“Friable” asbestos is the most dangerous form. This describes the “crumbly” state of asbestos fibres. Imagine dry flour held out on the palm of a hand on a windy day and this will illustrate the danger asbestos offers on a windy day.
The difference is that asbestos fibres cannot be seen and they are dangerous, minute forms of rock that can be inhaled into the lungs and do fatal damage over time. The most dangerous situation for homeowners, is the discovery of building materials containing asbestos which are damaged, allowing asbestos fibres free to float in the surrounding air. The microscopic fibres of asbestos still remain the cause of about 170 New Zealand fatalities every year.
If fibres are floating free in the air of a home, it may be decades before any occupant or visitor, becomes aware that the fibres accidentally inhaled in one moment, are the cause of death many years later.
Asbestos in the home
Asbestos fibres are contained in many different forms of building materials. The most common in New Zealand include:
Homes built up to the year 2000 probably contain asbestos. The incidence declines after this year as regulations began to eliminate asbestos from all building materials. However, any home built in the early part of the 21st century may still contain some asbestos.
For homes built in earlier years, the likelihood of asbestos can be found in:
Old floor tiles,
Roof shingles and flashing,
Some exterior cladding
Interior wall linings.
Insulation (around boilers, ducts, pipes, sheeting, fireplaces),
pipe cement, and joint compounds
Emergency steps to take when damaged building materials containing asbestos, are discovered:
Immediately close off the area.
Call a licensed asbestos removal company and arrange the urgent “sealing” of the asbestos materials.
If the area is indoors, this may be easier.
If the area is outdoors, safety is more difficult to determine.
Tackling damaged asbestos materials indoors:
Close doors to seal off the area. Also “seal” the joints in the doors and windows. Asbestos fibres are microscopic and can be blown through the smallest of crevices.
Leave external doors and windows open so that airflow can remove any potentially airborne fibres.
Cover the floor with heavy-duty plastic sheeting to catch dust, debris and asbestos material.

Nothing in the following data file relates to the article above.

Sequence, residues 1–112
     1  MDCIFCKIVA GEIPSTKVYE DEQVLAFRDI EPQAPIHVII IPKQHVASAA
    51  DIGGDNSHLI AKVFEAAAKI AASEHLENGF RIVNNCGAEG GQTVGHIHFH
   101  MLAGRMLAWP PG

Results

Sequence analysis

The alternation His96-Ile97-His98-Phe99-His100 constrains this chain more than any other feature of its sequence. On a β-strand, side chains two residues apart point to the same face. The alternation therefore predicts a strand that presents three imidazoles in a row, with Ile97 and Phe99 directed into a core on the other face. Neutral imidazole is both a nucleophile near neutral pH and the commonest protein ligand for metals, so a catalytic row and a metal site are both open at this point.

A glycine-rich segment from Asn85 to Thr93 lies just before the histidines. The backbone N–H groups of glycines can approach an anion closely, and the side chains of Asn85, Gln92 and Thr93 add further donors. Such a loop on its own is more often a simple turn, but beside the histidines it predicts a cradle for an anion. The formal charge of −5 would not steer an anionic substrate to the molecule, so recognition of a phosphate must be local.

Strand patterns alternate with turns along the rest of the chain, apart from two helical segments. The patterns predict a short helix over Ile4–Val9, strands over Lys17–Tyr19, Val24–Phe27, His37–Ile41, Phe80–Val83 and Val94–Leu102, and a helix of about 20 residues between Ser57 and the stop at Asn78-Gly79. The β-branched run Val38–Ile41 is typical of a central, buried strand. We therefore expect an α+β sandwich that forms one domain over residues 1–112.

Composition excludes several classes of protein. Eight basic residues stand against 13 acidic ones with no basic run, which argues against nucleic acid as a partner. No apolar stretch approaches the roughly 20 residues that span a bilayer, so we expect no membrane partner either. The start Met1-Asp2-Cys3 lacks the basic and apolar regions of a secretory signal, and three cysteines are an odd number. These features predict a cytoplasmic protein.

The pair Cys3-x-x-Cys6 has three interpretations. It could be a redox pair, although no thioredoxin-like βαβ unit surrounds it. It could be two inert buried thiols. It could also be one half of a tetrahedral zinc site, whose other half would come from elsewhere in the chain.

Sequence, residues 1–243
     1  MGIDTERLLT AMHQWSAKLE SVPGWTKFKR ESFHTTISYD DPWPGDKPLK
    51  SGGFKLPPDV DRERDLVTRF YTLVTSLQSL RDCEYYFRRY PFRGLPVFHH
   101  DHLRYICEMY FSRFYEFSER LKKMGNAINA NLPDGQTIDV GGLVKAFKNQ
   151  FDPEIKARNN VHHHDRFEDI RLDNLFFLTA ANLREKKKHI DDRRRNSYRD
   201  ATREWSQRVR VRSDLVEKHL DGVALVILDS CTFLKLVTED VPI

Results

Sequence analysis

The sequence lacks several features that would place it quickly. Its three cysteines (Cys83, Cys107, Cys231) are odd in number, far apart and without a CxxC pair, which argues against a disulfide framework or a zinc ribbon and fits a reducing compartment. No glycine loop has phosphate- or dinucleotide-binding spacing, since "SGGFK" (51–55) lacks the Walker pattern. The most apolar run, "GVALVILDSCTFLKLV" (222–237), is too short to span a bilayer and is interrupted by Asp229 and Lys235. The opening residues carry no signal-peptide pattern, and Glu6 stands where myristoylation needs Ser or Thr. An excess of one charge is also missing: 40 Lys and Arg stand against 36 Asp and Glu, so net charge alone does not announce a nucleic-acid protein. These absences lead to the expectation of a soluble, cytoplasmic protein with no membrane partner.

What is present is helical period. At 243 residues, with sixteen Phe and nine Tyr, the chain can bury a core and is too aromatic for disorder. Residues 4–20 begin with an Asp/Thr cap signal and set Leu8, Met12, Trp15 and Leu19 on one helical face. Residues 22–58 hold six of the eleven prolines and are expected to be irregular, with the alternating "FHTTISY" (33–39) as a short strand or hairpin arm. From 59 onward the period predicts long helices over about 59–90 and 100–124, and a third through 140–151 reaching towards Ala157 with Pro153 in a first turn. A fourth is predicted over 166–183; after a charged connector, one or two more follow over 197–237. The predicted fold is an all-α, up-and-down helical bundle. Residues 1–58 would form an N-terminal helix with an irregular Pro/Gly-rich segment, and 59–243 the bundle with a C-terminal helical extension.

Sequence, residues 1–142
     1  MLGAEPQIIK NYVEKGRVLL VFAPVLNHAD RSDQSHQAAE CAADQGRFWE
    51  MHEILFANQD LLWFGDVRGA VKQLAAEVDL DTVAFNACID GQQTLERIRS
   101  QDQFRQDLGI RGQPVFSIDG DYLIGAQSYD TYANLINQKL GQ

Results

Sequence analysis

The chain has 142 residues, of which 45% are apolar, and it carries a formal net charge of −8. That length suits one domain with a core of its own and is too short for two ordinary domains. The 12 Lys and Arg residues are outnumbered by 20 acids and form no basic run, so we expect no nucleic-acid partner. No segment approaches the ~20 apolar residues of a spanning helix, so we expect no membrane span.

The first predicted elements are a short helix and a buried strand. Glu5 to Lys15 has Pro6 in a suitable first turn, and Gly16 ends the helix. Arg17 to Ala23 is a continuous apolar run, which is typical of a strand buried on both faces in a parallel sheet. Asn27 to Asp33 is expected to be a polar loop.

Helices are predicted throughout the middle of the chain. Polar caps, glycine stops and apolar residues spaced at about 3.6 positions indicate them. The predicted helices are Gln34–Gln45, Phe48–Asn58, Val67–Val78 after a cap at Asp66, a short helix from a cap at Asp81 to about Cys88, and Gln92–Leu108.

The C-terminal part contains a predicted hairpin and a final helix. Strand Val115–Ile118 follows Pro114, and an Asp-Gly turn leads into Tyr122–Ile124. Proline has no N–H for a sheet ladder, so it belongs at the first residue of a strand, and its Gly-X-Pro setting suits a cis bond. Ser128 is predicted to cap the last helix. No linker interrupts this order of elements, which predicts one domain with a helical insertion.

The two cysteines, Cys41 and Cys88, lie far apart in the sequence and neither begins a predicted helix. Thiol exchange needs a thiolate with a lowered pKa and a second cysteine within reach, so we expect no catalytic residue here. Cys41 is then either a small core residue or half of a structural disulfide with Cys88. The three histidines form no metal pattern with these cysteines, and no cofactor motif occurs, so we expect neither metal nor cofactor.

Keep family, visitors and pets away from the area until the work is completed.
Tackling damaged asbestos materials outdoors:
Keep neighbours safe by informing them and discuss any protection they might need to take, such as keeping windows and doors closed for the duration of the work.
Seal off the indoor areas of the home from the outdoor areas, close windows and doors, seal off any other crevices.
Cover the surrounding ground area with heavy duty plastic. Asbestos fibres can be trodden or float to ground level and remain there for years. Remember that asbestos is pre-historic rock and will not decay. It can become dangerous at ground level, uplifted by the next strong wind or when the soil is disturbed.
Any household goods such furniture, toys, tools , even motor vehicles, are best removed from the work site. They can all be potential carriers of asbestos fibres.
Keep household members, visitors and pets away until the work is completed.
Things NOT to do:
It may seem logical to wet down areas containing asbestos fibres, but this is not always helpful and may cause further dangers for people, especially if asbestos roof tiles are being removed.
Work during high wind. The safest option is to keep the wind off the damaged area with heavy plastic sheeting and weights. Begin the removal, preferably by licensed asbestos removal services, once the weather is calm.
If you aren’t sure about the state of the asbestos in your home, call a licensed asbestos assessor in to give you an educated answer. Once you’re sure that the asbestos is friable or not, make a plan about how you will deal with it. Chemcare is happy to consult with you to find the best asbestos management plan for you.